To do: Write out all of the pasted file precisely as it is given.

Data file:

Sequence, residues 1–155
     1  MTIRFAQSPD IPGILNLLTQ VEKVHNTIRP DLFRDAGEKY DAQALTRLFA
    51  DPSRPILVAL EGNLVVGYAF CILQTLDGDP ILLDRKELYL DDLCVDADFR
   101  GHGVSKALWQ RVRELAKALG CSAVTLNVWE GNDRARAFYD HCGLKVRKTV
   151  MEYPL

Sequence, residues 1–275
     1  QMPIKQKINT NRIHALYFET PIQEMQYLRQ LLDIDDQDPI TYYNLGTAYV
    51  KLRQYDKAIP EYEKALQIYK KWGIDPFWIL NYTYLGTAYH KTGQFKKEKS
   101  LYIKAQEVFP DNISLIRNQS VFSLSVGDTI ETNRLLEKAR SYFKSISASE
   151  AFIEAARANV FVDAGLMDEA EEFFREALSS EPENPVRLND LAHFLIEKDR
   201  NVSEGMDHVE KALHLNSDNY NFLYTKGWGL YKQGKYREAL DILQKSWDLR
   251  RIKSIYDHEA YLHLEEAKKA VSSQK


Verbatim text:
Sequence, residues 1–155
     1  MTIRFAQSPD IPGILNLLTQ VEKVHNTIRP DLFRDAGEKY DAQALTRLFA
    51  DPSRPILVAL EGNLVVGYAF CILQTLDGDP ILLDRKELYL DDLCVDADFR
   101  GHGVSKALWQ RVRELAKALG CSAVTLNVWE GNDRARAFYD HCGLKVRKTV
   151  MEYPL

Sequence, residues 1–275
     1  QMPIKQKINT NRIHALYFET PIQEMQYLRQ LLDIDDQDPI TYYNLGTAYV
    51  KLRQYDKAIP EYEKALQIYK KWGIDPFWIL NYTYLGTAYH KTGQFKKEKS
   101  LYIKAQEVFP DNISLIRNQS VFSLSVGDTI ETNRLLEKAR SYFKSISASE
   151  AFIEAARANV FVDAGLMDEA EEFFREALSS EPENPVRLND LAHFLIEKDR
   201  NVSEGMDHVE KALHLNSDNY NFLYTKGWGL YKQGKYREAL DILQKSWDLR
   251  RIKSIYDHEA YLHLEEAKKA VSSQK